Viral loads, CD4 cell counts and genotypic resistance tests are described for patients A and B in Figure 1. For patient A, during the first 32 months, levels of CD4 cell count and HIV-1-RNA load were stable with a mean of 600 cell/μl and a mean of 4 log10 copies/ml, respectively. Then, a decrease of 150 CD4 lymphocytes was observed between month 32 and month 50 without a concomitant increase in the plasma viral load. To date, this patient has not received antiretroviral treatment. With regard to resistance-associated mutations in the plasma, we previously described the rapid loss of detection of the M184V lamivudine mutation, known to impair viral fitness and the switch over time of T215Y to the substitution T215D, which is a transient intermediate, less resistant but with a better competitive advantage without treatment . Only one major protease gene mutation, I84V, was replaced by a wild-type codon at month 38, concomitantly with the decrease in the CD4 cell count. In patient B, an increase in the HIV-1-RNA viral load to month 45 to 5.3 log10 copies/ml concomitant with a CD4 cell count decrease to 77 cells/μl led the physician to initiate antiretroviral therapy with lamivudine, tenofovir and lopinavir/ritonavir. The viral load was undetectable (threshold 50 copies/ml, Cobas Amplicor; Roche Diagnostics, Marcy l'Etoile, France) from 12 weeks post-therapy and maintained at 24 weeks associated with a dramatic increase in CD4 lymphocytes (+468 cell/μl). The protease M46I mutation was the only switch to wild-type codon over time at month 36, previously described in the first report , also associated with a close temporal relationship with the CD4 cell count decrease. In the absence of HIV-1 RNA being detectable in the plasma, resistance analysis of HIV-1 DNA in peripheral blood mononuclear cells on the last available sample showed the detection of M46I with the same backbone baseline mutation, reflecting the archive of all resistance mutations at the time of primary infection. Analysis of genotypic tropism showed that the source and index cases A and B tested harboured R5 variants.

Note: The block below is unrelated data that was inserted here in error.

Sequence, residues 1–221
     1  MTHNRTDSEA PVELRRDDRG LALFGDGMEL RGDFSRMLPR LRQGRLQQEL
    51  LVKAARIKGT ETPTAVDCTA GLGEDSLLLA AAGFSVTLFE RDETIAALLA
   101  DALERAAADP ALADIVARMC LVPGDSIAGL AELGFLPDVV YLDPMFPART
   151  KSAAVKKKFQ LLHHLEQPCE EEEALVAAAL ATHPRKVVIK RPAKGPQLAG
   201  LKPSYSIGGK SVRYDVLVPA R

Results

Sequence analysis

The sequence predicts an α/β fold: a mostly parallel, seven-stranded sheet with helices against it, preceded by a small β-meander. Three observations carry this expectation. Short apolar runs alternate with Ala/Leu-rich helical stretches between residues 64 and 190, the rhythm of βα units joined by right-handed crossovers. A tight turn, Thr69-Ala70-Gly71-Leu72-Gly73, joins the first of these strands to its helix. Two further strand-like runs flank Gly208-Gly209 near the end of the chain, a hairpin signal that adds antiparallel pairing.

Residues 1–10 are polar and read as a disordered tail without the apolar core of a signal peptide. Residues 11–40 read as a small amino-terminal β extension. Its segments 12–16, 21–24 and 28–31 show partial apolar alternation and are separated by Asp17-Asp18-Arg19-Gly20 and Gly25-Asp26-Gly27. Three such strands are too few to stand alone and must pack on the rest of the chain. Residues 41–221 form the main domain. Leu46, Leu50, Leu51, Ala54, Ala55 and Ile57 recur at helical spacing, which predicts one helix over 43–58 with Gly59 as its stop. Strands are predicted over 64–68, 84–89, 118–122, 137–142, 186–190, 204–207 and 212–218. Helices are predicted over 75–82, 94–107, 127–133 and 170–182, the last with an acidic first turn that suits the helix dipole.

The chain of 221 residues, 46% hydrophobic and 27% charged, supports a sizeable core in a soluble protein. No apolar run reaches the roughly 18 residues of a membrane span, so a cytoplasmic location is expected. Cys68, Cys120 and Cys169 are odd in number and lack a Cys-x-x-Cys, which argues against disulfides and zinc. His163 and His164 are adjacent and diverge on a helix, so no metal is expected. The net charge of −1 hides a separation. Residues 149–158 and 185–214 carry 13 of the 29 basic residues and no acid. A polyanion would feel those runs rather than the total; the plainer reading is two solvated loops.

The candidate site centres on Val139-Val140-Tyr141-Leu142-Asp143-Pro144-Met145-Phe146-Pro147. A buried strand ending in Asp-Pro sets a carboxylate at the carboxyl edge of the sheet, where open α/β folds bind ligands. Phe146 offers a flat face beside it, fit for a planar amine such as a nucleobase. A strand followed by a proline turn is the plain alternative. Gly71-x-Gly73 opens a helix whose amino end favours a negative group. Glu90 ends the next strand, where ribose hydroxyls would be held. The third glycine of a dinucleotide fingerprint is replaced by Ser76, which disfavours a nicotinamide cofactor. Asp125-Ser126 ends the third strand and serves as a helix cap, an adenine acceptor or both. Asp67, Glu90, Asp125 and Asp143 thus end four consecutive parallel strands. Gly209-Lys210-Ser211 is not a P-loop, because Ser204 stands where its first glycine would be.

To compare with the case from New York reported by Markowitz et al. , neither of the two patients infected with MDR HIV-1 had experienced rapid progression to AIDS during the follow-up of 5 years. This finding could be explained partly by the transmission of CCR5 viruses, which are less virulent and associated less with the rapid progression of disease.
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Acquired resistant viruses establish themselves as the dominant viral population at primary infection and persist over time even if antiretroviral treatment is initiated and is associated with therapeutic success. Ghosn et al.  recently reported that HIV-1-resistant strains acquired at the time of primary infection massively fuel the cellular reservoir, and their prolonged persistence is supported by the early expansion of a dominant homogenous and resistant viral population.
Over time, a rare genetic event occurred because only one stepwise back mutation in the protease gene at codon 84 (patient A) and one at codon 46 (patient B) to wild-type codon were observed during 5 years of follow-up. In both cases, these genetic changes were probably associated with an increase in viral replicative capacity because this was temporally correlated with a marked decrease in CD4 cell numbers, as shown previously in primary and chronically infected patients [12,13].
There is concern that the transmission of MDR viruses in primary HIV-1 infection may limit future therapeutic options. It is accepted that treatment failure has been observed in several individuals harbouring MDR infections [13–17]. In most cases, empirical treatment began before the results of genotypic resistance testing were obtained, and may have been suboptimal, resulting in the acquisition of additional mutations in these already MDR viruses, as shown in a large cohort of HAART-treated patients at the time of HIV primary infection [6,16]. French guidelines recommend performing resistance testing prospectively in patients with HIV primary infection, so that the results are available soon after the initiation of HAART.